The above is quoted straight from this web site:

Until they or someone figures out a way to disable the post injection electronic controls or substitute the post injection squirt with something else / blank air injection, your best bet would be to buy a young and in good condition slightly older models of the TDI's.

Thursday, June 11, 2009

2009 Earth Day St Louis (Muny / Forest Park) April 26th

I had a really good time meeting up with members from the St. Louis Biofuels Club who volunteered to work the biofuels booth. Many people had stopped by our booth to find out more and Maud (moderator of the St. Louis Biofuels Yahoo groups) prepared small batches of used waste vegetable oils for the younger audience to mix with methanol and lye and to be clipped on a retort stand for the final biodiesel + glycerol separation.

The demonstration unit was also displayed and powered on for washing for a prior biodiesel batch. The generator which supplied the power was fueled by biodiesel too.

It was interesting to meet many people from all walks of life from College Professors (Principia) to home brewers and others who are simply interested or have always been wanting to find out more about biodiesel production or looking for a forum to post and find out more information on renewable energy / biofuels. We even had a couple who were trying the cutting edge by growing a pilot oily algae system.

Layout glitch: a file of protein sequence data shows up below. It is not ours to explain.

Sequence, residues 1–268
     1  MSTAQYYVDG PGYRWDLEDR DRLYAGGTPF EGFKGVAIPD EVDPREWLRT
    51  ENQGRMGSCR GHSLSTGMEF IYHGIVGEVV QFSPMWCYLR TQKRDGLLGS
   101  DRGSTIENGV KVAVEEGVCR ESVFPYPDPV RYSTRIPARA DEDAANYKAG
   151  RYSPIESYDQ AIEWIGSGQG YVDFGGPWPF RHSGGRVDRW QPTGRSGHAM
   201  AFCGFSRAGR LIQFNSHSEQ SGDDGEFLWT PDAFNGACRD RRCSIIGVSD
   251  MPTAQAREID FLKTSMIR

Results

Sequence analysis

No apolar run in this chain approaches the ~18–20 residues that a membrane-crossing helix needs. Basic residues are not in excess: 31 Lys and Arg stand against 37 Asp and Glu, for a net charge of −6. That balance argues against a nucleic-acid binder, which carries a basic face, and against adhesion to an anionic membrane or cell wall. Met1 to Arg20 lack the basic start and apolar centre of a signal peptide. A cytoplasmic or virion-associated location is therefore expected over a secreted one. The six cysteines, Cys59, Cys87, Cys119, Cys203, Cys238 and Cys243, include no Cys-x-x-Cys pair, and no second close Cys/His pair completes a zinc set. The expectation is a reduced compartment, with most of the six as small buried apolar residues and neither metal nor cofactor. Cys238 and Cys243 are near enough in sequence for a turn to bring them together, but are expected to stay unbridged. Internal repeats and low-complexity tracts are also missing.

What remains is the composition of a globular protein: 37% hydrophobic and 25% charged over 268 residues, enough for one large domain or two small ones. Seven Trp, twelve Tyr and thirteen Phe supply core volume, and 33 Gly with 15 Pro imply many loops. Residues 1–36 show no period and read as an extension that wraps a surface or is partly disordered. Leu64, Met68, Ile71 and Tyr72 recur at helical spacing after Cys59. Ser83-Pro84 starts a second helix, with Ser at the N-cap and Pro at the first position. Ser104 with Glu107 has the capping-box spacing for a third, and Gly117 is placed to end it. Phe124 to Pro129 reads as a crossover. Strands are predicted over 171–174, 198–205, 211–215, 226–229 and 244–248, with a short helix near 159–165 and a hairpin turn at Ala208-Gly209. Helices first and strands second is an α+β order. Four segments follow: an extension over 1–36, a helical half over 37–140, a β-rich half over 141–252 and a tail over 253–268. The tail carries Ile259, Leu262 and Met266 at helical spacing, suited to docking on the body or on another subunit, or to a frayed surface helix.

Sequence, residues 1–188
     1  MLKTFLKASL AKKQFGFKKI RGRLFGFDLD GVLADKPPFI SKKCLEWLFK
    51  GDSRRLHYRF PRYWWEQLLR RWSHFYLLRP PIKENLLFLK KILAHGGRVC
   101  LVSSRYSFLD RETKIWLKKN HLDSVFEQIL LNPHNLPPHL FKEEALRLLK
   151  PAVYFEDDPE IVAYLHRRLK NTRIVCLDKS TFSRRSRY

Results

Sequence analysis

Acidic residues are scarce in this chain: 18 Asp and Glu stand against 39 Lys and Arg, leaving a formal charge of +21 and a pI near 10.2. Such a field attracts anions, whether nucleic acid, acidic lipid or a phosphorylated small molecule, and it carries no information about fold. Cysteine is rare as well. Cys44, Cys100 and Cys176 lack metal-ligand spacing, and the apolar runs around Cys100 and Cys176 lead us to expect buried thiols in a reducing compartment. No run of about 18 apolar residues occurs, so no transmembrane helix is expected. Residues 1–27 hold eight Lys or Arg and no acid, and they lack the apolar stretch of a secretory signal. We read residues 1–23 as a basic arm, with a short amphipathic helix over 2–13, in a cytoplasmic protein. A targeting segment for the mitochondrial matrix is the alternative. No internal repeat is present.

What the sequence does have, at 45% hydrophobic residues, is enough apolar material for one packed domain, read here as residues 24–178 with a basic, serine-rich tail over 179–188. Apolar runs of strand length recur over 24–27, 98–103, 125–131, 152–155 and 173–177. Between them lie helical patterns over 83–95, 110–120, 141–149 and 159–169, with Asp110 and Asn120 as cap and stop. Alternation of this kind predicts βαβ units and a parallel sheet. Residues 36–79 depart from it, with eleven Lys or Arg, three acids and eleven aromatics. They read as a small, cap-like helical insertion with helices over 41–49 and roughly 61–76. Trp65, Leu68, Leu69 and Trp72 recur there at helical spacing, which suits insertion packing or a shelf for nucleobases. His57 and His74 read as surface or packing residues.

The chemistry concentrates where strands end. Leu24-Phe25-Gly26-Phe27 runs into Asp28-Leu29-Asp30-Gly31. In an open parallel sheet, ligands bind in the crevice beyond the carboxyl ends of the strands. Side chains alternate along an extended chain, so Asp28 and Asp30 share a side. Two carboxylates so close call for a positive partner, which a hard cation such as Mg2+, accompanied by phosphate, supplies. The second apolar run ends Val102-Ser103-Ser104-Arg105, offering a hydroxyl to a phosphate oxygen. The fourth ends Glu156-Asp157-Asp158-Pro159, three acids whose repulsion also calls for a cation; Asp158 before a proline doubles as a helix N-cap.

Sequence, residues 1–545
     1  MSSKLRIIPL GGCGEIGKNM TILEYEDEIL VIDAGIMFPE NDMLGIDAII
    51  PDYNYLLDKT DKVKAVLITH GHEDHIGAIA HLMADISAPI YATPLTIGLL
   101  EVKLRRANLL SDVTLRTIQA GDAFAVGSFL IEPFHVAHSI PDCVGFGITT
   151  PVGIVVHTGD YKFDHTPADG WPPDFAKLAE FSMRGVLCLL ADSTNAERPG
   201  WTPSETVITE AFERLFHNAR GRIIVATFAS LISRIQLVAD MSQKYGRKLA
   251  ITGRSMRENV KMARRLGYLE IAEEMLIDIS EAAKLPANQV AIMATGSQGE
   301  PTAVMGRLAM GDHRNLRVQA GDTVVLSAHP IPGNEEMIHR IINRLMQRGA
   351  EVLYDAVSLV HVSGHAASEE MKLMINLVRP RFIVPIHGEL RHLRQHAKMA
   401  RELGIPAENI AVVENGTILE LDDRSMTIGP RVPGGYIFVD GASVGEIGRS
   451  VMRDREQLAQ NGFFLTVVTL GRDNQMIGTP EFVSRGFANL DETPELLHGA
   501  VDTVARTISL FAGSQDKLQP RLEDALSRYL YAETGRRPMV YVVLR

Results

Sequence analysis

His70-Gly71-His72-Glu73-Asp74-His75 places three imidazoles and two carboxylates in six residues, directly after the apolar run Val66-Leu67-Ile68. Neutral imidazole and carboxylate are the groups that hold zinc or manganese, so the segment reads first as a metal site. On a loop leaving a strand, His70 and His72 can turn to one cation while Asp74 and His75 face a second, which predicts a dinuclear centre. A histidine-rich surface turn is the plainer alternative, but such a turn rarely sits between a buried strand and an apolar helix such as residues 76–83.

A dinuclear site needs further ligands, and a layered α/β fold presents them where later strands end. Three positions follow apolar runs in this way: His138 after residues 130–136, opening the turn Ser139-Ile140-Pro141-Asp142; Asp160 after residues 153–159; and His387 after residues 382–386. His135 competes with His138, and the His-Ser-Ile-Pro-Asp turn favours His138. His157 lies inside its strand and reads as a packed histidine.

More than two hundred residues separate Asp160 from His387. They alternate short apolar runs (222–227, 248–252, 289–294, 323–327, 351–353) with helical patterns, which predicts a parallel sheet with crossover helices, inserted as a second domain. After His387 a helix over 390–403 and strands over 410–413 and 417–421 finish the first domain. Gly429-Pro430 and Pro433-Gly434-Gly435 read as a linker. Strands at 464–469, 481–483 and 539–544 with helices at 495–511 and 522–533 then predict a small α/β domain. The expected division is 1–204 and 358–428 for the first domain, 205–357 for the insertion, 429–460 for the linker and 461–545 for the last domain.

It was a pretty windy day and the portable tents had the tendency to fly away even though it was weighed down.

I did get a chance to visit other vendors and displays and there were other interesting booths and showcases of renewable energy, even the local Ameren UE utility company had a large display, tips for energy conservation and their hybrid utility truck on display.


Wednesday, June 10, 2009

Reposting from green Jobs now /

I believe that the future for America is to adopt distributive generation and switching to diesel powered automobiles. Distributive generation is based on powering a house or a block or more of houses locally and this cuts down on transmission line losses. Home heating oils are nothing more than "dino-diesel" which contributes to additional carbon emissions into the atmosphere.